Sunday, June 30 saw what was the widest breadth of social upheaval in Egypt in the country’s recorded history. Millions of Egyptians participated in demonstrations calling for President Morsi’s ouster, and counter-demonstrations supporting his legitimacy took place. Momentum seemed to have soared instantly and continues to run high as millions of people literally overflow Tahrir Square, and various other cities and towns across the country. Late Sunday afternoon, Tamarod, the leading opposition group against Morsi that claimed to have collected over 20 million signatures in a petition calling for his ouster, gave President Morsi a deadline of Tuesday, July 2 at 5:00 p.m. to step down. Even in Morsi's own administration, four cabinet members stepped down this morning, showing his waning support. It’s clear that Morsi’s administration has lost credibility simply from the sheer number of protesters that came out yesterday and the millions of supporters of Tamarod. However, what the opposition must push for going forward is not only the removal of Morsi, but also the push for an inclusive government, and a move away from an authoritarian, one-party system.
A year into his administration, Morsi and his government have only seemed to successfully create a dangerously wide political gap between his supporters and the rest of Egypt, and has utterly failed in providing any sense of security as crime rates have nearly quadrupled and sexual harassment has gone to absurd heights. In addition, scores of arrests without charges continue to take place, even as Morsi promised at the beginning of his rule to stop such practices. Even to the apolitical Egyptian, daily life is becoming a struggle. The power goes out up to several times a day, and in some areas, days at a time. Running water in many areas has also been sporadic. Gas is a hard commodity to come by with hours-long gas lines at stations all across the country. The poor are becoming poorer, and there have been several threats from the government against liberal and secular media outlets and personalities. There is no sign of economic improvement as food prices continue to rise.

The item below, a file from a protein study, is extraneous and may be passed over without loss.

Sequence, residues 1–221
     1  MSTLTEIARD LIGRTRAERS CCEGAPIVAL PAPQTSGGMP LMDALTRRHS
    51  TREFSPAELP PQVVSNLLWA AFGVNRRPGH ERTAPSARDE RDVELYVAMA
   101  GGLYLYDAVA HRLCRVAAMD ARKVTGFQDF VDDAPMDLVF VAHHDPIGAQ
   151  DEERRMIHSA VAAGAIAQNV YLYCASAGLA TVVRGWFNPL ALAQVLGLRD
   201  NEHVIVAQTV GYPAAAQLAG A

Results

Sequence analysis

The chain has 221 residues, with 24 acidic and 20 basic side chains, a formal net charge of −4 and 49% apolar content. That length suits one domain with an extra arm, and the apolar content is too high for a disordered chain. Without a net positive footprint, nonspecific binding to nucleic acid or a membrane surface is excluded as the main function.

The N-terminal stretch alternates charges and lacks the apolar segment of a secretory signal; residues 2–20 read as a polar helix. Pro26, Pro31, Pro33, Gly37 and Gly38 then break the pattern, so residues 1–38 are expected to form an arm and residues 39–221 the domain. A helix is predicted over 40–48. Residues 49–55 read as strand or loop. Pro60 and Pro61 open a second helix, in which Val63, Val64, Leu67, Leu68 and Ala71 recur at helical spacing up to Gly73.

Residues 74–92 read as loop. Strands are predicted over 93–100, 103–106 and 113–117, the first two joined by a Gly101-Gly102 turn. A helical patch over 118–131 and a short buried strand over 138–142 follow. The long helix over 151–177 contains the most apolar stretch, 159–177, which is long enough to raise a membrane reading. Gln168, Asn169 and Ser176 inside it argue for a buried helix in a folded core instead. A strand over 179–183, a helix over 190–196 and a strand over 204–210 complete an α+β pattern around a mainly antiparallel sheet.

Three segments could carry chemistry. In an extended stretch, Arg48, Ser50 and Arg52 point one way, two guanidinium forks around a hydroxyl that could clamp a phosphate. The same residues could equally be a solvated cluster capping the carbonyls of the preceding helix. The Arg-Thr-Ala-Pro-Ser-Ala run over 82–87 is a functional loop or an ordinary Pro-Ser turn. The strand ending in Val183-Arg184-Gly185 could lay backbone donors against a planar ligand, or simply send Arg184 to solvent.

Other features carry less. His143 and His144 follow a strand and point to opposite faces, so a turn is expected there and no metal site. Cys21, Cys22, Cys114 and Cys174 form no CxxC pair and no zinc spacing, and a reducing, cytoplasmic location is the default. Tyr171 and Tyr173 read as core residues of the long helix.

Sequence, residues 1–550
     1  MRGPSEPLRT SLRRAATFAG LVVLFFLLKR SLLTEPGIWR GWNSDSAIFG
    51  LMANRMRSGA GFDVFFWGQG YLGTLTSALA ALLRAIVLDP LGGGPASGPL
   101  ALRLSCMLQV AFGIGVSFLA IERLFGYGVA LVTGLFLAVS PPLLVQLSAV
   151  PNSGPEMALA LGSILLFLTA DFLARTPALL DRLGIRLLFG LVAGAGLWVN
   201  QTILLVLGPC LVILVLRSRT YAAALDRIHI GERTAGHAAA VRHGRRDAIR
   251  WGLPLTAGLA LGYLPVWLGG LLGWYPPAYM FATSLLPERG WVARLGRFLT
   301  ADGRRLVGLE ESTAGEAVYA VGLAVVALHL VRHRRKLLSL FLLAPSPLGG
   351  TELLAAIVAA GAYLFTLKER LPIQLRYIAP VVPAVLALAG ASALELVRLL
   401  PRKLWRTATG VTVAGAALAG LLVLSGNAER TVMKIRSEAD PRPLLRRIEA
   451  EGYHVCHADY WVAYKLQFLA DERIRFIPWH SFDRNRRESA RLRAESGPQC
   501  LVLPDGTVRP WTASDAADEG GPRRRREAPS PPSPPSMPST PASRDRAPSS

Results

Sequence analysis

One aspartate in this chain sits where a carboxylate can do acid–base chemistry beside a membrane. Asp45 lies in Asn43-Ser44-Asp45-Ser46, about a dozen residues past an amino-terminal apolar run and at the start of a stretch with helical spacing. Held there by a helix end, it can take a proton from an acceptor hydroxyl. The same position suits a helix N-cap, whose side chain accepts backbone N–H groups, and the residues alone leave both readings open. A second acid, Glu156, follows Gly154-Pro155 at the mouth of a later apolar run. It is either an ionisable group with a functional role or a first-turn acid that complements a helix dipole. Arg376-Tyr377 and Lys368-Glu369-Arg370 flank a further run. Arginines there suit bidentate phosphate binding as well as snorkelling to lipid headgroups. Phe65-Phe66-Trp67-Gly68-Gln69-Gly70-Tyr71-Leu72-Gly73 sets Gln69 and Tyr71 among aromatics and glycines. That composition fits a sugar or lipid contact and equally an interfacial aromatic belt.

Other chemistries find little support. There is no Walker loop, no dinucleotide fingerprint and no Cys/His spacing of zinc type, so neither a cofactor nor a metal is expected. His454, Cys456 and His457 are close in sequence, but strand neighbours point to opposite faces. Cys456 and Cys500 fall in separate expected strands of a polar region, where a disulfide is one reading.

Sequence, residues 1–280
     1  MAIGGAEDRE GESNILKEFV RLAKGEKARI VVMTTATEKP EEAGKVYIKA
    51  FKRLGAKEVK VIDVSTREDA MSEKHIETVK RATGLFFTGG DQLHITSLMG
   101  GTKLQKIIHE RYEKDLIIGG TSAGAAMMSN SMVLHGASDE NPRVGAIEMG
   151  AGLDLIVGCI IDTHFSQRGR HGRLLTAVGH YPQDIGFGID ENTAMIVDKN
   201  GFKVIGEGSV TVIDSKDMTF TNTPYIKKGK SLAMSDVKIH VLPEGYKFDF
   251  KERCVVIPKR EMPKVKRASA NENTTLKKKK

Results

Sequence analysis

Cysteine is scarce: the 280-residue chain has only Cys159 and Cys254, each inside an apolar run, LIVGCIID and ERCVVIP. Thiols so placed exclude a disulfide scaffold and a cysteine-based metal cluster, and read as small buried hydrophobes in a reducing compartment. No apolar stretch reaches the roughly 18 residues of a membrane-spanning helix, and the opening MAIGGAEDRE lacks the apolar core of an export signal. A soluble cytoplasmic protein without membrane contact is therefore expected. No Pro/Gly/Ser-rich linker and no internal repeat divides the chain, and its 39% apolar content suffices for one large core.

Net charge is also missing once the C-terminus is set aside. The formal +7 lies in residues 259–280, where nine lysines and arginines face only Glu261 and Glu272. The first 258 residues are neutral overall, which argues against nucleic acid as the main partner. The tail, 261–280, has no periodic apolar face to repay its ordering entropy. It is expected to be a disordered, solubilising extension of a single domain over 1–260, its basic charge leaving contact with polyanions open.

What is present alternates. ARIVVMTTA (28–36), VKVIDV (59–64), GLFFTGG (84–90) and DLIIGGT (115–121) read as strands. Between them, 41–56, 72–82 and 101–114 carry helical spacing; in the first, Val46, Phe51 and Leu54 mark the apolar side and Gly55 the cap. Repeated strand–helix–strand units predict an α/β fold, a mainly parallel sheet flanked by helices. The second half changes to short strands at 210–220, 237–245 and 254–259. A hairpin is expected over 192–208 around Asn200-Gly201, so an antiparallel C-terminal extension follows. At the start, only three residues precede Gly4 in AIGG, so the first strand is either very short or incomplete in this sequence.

Only a few days before Sunday, President Morsi addressed the nation in a two-and-a-half-hour speech in anticipation of the protests. In his address, Morsi admitted that he has made mistakes during his first year in office, and that the country was in bad shape on many fronts. Despite this however, he did not address the recent killings of Shia Muslims that took place a few days prior, name-called several journalists and politicians who oppose him, and members of the opposition claimed he indirectly threatened them. What Morsi’s speech most directly reveals is that his administration continues to run the country on the same system as his predecessors have, an exclusive, one-party system. Throughout Morsi’s rule, his administration has not only alienated and criminalized liberals, but also regularly associated them with Mubarak supporters, fueling anger from his opponents.
What is sorely needed is a true break from the autocratic rule that has claimed the country for the last 60 years. Morsi’s administration sorely failed to create a system that allows for multiple parties to influence policy and make decisions. His lone decision-making, and the fact that the vast majority of his appointees were installed based on political affiliation rather than competency, is one of the most fatal mistakes of his administration. This exclusion is the reason for Egypt’s economic decline, and the reason unrest is on the rise.
What absolutely must be one of the long-term results from the June 30protest — and what the opposition must make its priority — is to aim for an inclusive and competent government. Simply taking Morsi out of the presidency and electing a liberal or secularist president will not fix this. In order for a true revolution in Egypt to truly start, the entire Egyptian political spectrum and voices of religious and ethnic minorities must be included in the legislature. If the opposition succeeds in overthrowing the current administration, it must not alienate supporters of the Muslim Brotherhood. Until now, a revolution has not truly started. Morsi continued Mubarak’s legacy simply by establishing a government run by one group of interests and neglecting incredibly pressing problems experienced on the grassroots level. Egyptians protesting against Morsi must understand what Morsi symbolizes and the inclusive government they must push for. Otherwise, it’s once again back to square one.